Is a verbal contract a valid contract?
30th May 2018 by Rob Kelly
When parties make an oral agreement but fail to record it in writing it can be very difficult, or even impossible, for the court to ascertain whether a meeting of minds has occurred.
A recent case involving classic cars highlights the difficulty.
In Michael Tuke v JD Classics Ltd, the claimant, a wealthy businessman who had an interest in classic cars, brought a claim against a classic car dealer and restorer on the basis that the dealer was acting as his agent in the purchase, restoration and sale of high-value classic cars. He alleged that at a meeting in December 2009 the dealer had told him that classic cars are “better than banks” and that he “could double his money”. Mr Tuke alleged that during this meeting, the dealer agreed to source cars for Mr Tuke to purchase, undertake servicing, maintenance and restoration and then find potential buyers, all for a 10% commission on any profits.
Mr Tuke spent almost £40m on 19 classic vehicles over a period of about 4 years. However, he did not make the sort of profits that he thought the dealer had promised and in 2016 he requested the dealer to deliver to him all documents relating to the 19 cars which had been sold. The dealer declined to do so on the basis that no agency relationship existed. He argued that he had been working on his own account throughout and that the claimant had misunderstood the nature of the agreement.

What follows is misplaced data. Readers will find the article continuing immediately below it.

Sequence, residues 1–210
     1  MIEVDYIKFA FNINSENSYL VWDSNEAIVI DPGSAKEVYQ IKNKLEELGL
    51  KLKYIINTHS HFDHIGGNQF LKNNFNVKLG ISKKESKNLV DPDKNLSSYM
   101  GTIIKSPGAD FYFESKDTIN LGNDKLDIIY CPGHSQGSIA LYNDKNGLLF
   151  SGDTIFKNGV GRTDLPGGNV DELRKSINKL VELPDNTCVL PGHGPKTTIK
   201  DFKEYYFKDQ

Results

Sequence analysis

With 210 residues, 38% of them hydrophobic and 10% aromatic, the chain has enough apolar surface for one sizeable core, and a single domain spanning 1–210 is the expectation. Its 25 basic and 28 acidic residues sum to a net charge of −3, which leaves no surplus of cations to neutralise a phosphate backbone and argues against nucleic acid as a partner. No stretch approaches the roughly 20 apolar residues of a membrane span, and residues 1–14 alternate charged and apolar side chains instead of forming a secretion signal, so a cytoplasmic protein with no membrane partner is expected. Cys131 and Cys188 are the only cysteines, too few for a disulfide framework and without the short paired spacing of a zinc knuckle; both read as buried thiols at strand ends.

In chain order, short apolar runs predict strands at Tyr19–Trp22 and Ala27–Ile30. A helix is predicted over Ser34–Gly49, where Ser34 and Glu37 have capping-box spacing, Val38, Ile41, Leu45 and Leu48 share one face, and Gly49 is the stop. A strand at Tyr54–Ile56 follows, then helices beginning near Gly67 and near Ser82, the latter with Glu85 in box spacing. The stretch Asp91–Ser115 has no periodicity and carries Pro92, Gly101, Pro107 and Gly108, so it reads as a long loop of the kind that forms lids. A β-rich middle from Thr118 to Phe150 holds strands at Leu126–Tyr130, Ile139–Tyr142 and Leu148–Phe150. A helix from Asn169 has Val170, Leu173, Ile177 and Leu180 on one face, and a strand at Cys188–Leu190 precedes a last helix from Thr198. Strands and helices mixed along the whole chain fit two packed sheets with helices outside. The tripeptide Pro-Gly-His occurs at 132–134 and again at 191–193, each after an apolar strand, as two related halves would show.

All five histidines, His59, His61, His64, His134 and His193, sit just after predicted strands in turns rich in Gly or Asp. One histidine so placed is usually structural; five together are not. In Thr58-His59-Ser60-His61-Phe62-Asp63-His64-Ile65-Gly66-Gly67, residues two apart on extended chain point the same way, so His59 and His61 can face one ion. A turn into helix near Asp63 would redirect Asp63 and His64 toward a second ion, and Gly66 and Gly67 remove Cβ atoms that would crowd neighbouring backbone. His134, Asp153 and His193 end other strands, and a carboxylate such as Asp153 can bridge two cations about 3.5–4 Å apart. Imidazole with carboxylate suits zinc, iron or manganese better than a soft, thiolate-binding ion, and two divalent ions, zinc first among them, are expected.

These facts emerged at a preliminary hearing at which the dealer tried to strike out the claim but in rejecting the dealer’s application, leaving the way open for a full trial, the court found that the claimant had established at least a realistic prospect that his claim would prevail due to emails and other communications passing between the parties which were consistent with an agency agreement.
This case illustrates the importance of establishing what the relationship is, and confirming it in writing. Oral contracts can be just as enforceable as written contracts but without a written record of what has been agreed or, preferably, a formal and comprehensive written agreement, it may be very difficult or impossible to prove the claim to the necessary standard for a court.
If you would like further information please contact Rob Kelly.